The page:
a few days later (maybe a week), I told him we needed to go to the store. That was a great summer, and I worked with an amazing crew in the Wearhouse. They offered me a job for the following summer. For the next three summers I lived in a trailer with no phone or internet (pre-2000). Those were some great memories working in the Wearhouse under Kris Plummer and Cathy Como. For one of those summers my now husband worked at EAA, too. He spent the summer working at the Air Academy Lodge as the janitor. He slept in a tent outside of our camper for the summer. The cooks at the lodge took care of him, too, offering him food for lunch. In 2000 we lost my dad to cancer; however, my mother and sister and one brother and I still come every year. We may not all stay the whole week, but we come. I think for me it is a place I can feel my dad’s presence. It is also a family of hard-working volunteers who have fun together. Jim Martin once asked me, “Nikki, I think your dad is looking down on you, and do you think he is smiling knowing you are volunteering here?” I was sanding a piece of wood at the time. I told him, “Jim, thank you, and I can feel him here.” This year will be my 42nd convention, and I look forward to seeing this “family” with all their quirkiness and fun. I don’t come to the convention to learn to fly; I come to see airplanes and enjoy this very large extended family we have.

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AIRVENTURE TODAY

The

Poberezny Property The 9-acre grounds that EAA Founders Paul and Audrey Poberezny once called home is now on display thanks to Aircraft Spruce and the Irwin family. Tours are offered daily Monday, July 22, through Saturday, July 27, at 9 a.m. and 11 a.m. Transportation is provided to and from the EAA® AirVenture® Oshkosh™ grounds. Tickets for the tour are $5 each and can be ordered online at EAA.org/Estate. PHOTO BY MARIANO ROSALES

CHAPTERS

BLUE BARN PACKED WITH NEW FEATURES

3000 Poberezny Rd. Oshkosh, WI 54902 (920) 426-4800 EAA.org/Property

BY CHRISTINA BASKEN

AIRVENTURE TODAY STAFF

THE EAA BLUE BARN has the same look and

WOW!

Join VAA at AirVenture and get: • Two tickets for free breakfast at the Vintage Tall Pines Cafe • 10% discount on VAA merchandise at the Vintage Red Barn Store

New for 2019: Grand Re-Opening for the Vintage Red Barn Store!

• A free participation plaque To join VAA, go to the VAA membership booth near the northeast corner of the Red Barn at Vintage Village.

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feel as in previous years, but with a few added improvements for EAA AirVenture Oshkosh 2019. This year, three key themes are being highlighted at the Blue Barn: Make It Easier (to be a chapter leader), Grow Local Participation (in aviation), and Develop Chapter Leadership. Numerous new programs are also highlighted under the Grow Local Participation banner, including the Ray Aviation Scholars program, the Young Eagles Build and Fly RC modeling program, the Virtual Flight Academy simulator program, and the Chapter Tool Crib program. The Make It Easier initiative highlights EAA’s Young Eagles online registration, as well as the new Chapter Roster Management Tool. Additionally, Blue Barn visitors can leave their mark by checking in their chapter by pinning a mini windsock on the large chapter map inside the barn. David Leiting Jr., EAA chapter field representative II, said building off last year’s tool giveaway, chapters are able to enter to win daily and weekly prizes.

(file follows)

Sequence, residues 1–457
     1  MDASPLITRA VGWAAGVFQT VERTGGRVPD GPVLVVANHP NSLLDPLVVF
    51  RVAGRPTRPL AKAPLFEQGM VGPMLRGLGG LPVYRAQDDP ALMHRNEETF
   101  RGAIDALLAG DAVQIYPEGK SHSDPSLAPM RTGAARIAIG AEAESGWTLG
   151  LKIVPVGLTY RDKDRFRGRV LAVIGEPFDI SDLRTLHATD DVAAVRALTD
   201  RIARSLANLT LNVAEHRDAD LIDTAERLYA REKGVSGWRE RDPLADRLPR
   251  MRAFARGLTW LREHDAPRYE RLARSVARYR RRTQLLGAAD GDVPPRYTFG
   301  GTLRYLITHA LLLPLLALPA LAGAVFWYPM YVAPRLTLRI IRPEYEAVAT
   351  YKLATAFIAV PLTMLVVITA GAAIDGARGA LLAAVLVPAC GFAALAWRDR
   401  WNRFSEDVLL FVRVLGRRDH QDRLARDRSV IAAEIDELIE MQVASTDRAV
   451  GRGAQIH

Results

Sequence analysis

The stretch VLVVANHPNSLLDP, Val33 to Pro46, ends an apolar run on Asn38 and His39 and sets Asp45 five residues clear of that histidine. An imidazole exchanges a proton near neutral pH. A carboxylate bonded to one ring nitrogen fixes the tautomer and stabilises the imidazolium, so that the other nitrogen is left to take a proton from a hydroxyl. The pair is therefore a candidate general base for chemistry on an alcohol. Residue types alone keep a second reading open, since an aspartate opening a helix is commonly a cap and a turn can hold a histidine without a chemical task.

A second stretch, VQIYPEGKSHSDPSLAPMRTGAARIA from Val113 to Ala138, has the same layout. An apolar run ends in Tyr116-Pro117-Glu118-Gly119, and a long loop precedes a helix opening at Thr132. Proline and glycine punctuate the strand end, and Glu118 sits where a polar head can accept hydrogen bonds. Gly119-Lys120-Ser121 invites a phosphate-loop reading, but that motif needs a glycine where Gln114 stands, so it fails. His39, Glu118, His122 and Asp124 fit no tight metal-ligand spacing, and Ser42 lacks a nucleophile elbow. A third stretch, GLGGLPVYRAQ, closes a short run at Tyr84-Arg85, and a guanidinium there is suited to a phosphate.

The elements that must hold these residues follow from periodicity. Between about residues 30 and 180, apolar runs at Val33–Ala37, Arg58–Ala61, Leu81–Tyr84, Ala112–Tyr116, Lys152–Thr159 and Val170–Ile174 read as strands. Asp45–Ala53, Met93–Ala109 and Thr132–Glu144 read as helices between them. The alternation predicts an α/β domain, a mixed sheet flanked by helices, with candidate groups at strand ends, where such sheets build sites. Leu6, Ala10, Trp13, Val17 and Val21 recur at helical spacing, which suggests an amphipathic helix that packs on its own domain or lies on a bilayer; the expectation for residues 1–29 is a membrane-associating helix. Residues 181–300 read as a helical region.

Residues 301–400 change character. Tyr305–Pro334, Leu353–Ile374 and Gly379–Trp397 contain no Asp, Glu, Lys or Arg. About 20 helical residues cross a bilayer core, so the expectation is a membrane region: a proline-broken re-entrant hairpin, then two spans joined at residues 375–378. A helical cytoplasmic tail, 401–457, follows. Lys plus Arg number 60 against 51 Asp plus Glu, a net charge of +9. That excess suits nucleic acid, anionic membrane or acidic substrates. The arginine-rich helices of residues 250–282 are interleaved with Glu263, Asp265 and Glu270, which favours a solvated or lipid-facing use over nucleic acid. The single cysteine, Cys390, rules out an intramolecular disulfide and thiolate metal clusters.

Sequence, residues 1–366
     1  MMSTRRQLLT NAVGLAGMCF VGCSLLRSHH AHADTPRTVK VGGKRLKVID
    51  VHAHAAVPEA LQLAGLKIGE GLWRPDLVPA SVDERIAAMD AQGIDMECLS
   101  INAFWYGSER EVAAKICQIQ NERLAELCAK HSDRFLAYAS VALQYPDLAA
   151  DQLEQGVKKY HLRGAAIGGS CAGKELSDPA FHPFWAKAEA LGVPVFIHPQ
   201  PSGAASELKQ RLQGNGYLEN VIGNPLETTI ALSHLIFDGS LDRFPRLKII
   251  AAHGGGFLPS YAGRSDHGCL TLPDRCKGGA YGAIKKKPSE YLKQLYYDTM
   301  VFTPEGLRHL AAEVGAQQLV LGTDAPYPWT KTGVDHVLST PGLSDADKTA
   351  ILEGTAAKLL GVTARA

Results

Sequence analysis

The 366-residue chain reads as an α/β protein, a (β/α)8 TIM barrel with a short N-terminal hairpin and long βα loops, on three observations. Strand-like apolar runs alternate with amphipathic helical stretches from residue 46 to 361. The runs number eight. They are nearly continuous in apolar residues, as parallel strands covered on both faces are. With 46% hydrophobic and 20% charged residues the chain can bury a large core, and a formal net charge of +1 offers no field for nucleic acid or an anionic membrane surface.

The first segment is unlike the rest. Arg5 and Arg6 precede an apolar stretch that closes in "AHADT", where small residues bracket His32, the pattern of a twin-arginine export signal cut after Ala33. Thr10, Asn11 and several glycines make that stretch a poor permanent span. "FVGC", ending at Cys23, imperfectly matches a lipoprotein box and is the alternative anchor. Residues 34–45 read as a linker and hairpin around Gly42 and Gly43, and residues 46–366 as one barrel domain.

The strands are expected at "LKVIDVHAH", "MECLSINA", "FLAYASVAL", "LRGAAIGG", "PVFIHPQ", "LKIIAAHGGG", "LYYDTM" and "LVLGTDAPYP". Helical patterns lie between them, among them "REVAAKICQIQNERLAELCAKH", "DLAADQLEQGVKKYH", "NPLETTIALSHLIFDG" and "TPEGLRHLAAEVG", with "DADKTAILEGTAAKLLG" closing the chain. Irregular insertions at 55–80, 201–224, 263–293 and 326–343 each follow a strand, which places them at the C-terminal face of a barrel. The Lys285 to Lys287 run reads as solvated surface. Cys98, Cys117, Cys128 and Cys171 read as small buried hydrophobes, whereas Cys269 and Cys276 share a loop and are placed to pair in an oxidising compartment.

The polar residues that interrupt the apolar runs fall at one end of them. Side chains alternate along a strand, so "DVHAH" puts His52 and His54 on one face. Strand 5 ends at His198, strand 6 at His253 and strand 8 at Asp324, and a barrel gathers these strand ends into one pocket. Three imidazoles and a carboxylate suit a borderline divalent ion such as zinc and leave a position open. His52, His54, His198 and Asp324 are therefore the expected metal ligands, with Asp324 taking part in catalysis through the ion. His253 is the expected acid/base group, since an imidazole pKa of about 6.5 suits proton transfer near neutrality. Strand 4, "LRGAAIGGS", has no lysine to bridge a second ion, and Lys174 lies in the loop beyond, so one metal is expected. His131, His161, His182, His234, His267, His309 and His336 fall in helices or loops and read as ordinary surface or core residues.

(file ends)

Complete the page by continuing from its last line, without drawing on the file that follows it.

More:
“The daily prize is a Thrustmaster T.16000M flight control for a chapter simulator,” David said. “The weekly prizes are a Redbird Alloy flight control system and a pair of Lincoln Electric TIG welders.” The Blue Barn is chock full of activities for visitors, including forums from 8:30 a.m. to 3:45 p.m. on most days. Patti Arthur, the EAA-endorsed tax attorney, is providing free one-on-one consultation sessions with chapter leaders. These meetings are intended to answer any chapter tax questions, or point the chapter in the proper direction to maintain/obtain their 501(c) (7) status. David said as a part of the Young Eagles Build and Fly RC modeling program, members are able to observe the process of building one of the SIG LT-40 aircraft. “This process gives members insight on what it takes to build one of these kits with youth, and then bring it to the local AMA flying field,” he said. David said that first and foremost, the Blue Barn is a place to learn. “Not only from EAA staff, but also peer chapter members who have found successful approaches to common programs or problems that chapters might face in the field,” David said.


SUNDAY, JULY 21, 2019

33

NEWS & INFO

Grounds Access Rules for AirVenture 2019 THE GROWTH OF EAA AIRVENTURE OSHKOSH is tremendous,